PARIS (Reuters) - Venezuela’s public and private creditors are working on how to one day restructure its debt, though U.S. sanctions make that impossible for now, a source close to the Paris Club of government creditors said on Wednesday.
Crippled by a hyperinflationary economic crisis, the cash-strapped Venezuelan government and state oil company PDVSA are in default on most of their $60 billion in outstanding bonds.
Including debt owed to other governments and official lenders, the OPEC member’s foreign debt is estimated to stand at $140 billion, with China owed $20-25 billion and Paris Club creditors $5.8 billion, the source said.
However, any restructuring is all but impossible for now because of U.S. sanctions under which that could be seen as illegal financing by Washington.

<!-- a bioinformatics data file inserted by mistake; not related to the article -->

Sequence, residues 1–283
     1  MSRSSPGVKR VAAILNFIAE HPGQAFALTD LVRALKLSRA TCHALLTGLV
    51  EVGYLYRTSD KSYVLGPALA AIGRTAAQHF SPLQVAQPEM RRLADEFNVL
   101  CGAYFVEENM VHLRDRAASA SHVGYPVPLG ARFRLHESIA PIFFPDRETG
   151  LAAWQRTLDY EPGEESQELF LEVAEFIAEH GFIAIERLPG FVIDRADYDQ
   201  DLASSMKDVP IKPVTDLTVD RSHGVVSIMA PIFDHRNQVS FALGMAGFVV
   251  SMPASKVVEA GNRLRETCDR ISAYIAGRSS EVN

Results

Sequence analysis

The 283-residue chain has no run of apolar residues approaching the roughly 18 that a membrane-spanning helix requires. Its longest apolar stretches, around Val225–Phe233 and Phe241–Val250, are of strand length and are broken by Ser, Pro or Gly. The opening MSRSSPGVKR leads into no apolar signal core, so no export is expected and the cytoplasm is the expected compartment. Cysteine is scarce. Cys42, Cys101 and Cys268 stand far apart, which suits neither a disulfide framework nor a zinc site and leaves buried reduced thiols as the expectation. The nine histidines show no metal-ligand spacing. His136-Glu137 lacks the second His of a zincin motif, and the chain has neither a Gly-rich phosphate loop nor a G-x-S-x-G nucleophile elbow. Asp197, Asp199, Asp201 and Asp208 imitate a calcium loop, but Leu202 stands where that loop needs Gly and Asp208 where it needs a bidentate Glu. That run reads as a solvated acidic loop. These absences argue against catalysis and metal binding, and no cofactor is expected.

“Everybody, whether it be the IMF, the private creditors or the official creditors, is preparing for the day after, when it comes, when things become possible,” the source said.
“We can’t do anything now because of the American sanctions,” the source added speaking after Paris Club and private creditors met on Wednesday in the French capital to discuss a range of issues, including Venezuela’s debt.
Any future restructuring is complicated by the fact that some Venezuelan sovereign bonds and no PDVSA bonds are covered by so-called collective action clauses, meaning a minority of bondholders could have scope to hold out in a restructuring deal.
“The complexity of a Venezuelan debt restructuring is an issue, the day that it happens. It will be very, very complicated,” the source said.
Reporting by Leigh Thomas; editing by Andrew Roche
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